Designing a WordPress website involves multiple steps, and improving its security profile is one of them. Protecting your website has never been more important than today when the digital landscape is filled with cyber threats and security breaches. That’s where WordPress two step authentication (2FA) comes in.
In short, you need a powerful WP 2FA tool that can help keep your WordPress site safe and secure. It may be overwhelming to figure out where to start. Fear not!
In this guide, we’ll walk you through everything you need to know to add WordPress two-factor authentication to your site and give you peace of mind knowing that your website is fortified against potential attacks.
What is Two Factor Authentication?
Traditionally, passwords are the most widely used user identification means that businesses and end-users adopt to control the application/software access. But, the growing number of cyberattacks just because of weak or easy-to-guess passwords made the world think of alternatives or ways to increase the efficacy of password-based mechanisms.
2FA is the solution.
Two-factor authentication is like a digital bouncer that stands guard at the entrance to your online world. It combines one extra authentication factor with the password. Now, what is the next factor used?
Multiple authentication methods are here to choose from. For instance, we have hardware tokens, push notifications, SMS verifications, and email verifications.
In technical terms, it’s a well-known identity and access management (IAM) security procedure combining more than one user-identification method granting access to mission-critical websites.
While hardware tokens are the oldest, SMS and email verification are the most recent means.
In both these methods, the user receives an OTP or One Time Password, which is a unique code, on the registered mobile number and the emails. The authentication server shares the OTP on the respective mobile number and email as they enter the password. Users have to enter this OTP to complete the authentication.
The idea here is to provide an extra security layer and prevent hacking if threat actors manage to crack the passwords.
Though 2FA works for all leading digital assets and accounts, let’s keep our discussion limited to WP two factor authentication. Read ahead.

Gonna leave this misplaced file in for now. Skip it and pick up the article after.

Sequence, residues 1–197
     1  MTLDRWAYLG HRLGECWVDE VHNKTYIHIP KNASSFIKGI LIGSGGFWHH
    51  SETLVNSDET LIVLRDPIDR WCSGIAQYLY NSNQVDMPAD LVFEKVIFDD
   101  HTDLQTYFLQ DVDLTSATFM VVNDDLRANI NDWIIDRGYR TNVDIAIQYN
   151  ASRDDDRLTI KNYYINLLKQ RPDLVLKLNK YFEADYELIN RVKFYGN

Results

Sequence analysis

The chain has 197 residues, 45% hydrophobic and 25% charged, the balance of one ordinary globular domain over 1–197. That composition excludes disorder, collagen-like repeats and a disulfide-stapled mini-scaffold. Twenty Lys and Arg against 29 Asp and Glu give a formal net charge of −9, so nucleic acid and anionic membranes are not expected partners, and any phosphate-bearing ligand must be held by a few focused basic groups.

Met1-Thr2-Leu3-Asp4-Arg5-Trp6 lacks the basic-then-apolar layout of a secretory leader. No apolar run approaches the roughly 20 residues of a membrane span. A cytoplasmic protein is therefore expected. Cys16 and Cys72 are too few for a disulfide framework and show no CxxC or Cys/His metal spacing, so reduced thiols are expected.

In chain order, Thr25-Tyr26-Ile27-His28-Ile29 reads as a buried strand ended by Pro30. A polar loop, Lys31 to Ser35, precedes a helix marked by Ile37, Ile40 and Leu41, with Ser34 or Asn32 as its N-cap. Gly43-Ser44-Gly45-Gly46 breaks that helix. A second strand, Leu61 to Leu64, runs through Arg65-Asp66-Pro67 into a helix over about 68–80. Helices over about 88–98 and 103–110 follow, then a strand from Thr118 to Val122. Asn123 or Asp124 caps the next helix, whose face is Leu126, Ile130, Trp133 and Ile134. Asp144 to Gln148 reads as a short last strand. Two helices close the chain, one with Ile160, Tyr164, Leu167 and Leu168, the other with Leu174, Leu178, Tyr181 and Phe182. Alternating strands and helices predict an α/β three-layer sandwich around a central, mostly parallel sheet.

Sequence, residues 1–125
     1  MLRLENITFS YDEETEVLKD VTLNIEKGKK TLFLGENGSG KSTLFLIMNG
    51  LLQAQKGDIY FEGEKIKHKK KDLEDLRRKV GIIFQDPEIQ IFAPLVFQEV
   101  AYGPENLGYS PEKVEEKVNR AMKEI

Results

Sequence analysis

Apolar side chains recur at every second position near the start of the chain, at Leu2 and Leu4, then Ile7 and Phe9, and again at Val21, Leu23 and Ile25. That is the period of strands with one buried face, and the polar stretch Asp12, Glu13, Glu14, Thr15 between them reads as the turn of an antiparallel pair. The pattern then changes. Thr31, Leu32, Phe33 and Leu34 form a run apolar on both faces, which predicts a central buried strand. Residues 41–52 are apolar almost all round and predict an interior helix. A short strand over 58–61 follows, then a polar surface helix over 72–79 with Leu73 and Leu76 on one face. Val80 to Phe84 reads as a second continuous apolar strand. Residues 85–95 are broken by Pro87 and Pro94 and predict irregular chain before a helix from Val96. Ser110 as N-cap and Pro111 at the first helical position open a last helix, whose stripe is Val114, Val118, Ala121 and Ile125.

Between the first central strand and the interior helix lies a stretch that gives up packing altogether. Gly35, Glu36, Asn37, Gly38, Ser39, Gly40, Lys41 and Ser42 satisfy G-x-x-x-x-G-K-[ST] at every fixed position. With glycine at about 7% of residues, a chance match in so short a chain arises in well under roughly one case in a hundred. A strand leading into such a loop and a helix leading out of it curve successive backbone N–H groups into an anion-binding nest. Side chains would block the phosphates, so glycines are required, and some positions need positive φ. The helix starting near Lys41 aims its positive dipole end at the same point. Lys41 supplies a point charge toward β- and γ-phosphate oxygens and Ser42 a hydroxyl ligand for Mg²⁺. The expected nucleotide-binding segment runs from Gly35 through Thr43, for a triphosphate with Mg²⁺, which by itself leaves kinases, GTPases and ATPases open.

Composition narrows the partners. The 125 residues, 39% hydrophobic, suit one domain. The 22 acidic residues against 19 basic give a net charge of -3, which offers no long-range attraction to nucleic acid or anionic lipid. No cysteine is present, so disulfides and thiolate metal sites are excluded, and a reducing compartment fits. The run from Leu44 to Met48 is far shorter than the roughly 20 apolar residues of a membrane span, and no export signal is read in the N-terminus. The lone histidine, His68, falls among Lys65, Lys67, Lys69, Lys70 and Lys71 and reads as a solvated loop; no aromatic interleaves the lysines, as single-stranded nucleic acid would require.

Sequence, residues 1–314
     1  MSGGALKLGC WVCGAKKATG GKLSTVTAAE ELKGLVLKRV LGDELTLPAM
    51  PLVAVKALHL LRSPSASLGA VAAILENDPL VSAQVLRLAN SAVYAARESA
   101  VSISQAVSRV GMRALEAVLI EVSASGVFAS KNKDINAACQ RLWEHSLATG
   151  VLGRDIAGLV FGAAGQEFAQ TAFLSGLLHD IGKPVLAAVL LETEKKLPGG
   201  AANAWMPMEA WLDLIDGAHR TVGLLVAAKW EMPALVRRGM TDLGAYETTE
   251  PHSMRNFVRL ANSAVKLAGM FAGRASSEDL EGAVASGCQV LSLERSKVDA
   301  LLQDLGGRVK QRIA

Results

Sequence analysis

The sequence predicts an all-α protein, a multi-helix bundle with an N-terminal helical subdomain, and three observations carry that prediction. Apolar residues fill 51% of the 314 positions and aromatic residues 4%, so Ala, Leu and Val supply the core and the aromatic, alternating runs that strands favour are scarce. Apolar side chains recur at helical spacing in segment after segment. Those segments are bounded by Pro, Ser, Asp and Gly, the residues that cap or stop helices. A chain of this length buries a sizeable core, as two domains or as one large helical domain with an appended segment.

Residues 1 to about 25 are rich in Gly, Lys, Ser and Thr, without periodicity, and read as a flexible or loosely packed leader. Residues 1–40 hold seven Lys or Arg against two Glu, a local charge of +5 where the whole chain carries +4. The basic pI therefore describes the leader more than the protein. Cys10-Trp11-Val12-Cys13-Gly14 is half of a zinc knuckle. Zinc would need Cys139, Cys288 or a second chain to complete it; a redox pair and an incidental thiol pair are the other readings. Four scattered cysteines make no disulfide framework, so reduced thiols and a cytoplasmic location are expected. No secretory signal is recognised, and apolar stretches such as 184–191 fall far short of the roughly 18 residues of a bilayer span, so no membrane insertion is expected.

Why Should You Add Two-Factor Authentication on WordPress?
WordPress failed to keep cyberattacks at bay despite being the world’s leading CMS. In fact, a recent report by Sucuri revealed that WordPress remained the most hacked CMS. Over 90,000 attacks per minute are happening on WordPress sites. That’s the reason why you must focus on WordPress maintenance carefully.
Brute force, SQL injection, malware attack, and DDoS attack; you name it, and you will find thousands of WordPress sites affected by all these lethal attacks. Clearly, WordPress developers and website owners must think beyond SEO optimization, designing, and regular content creation.
Activating WordPress 2FA authentication or using a WordPress 2FA plugin helps WordPress admins improve the website’s security profiles and reduce the risks. It helps in multiple ways. Here are a few examples:
- The Guardian Factor: Even if a hacker gains access to a user’s password, they won’t be able to access the account without the second factor of authentication.
- Compliance: Many regulatory frameworks, such as the General Data Protection Regulation (GDPR), require websites and online services to implement two-factor authentication to protect user data. With activated WordPress Two-Factor authentication, achieving these compliances is easier than ever.
- Trust-building: As attacks are not occurring frequently and information is well-guarded, users will have faith in the WordPress website.
- Cost Control: WordPress 2 Factor authentication can control both the attacks and operational costs under control. Cost is controlled because organizations are ought to pay a hefty amount as compensation to the victims if an attack is successful and mission-sensitive information is leaked. You may find it shocking, but Equifax ended up paying $600 million as a settlement against a data breach that compromised the personal data of over 147 million customers.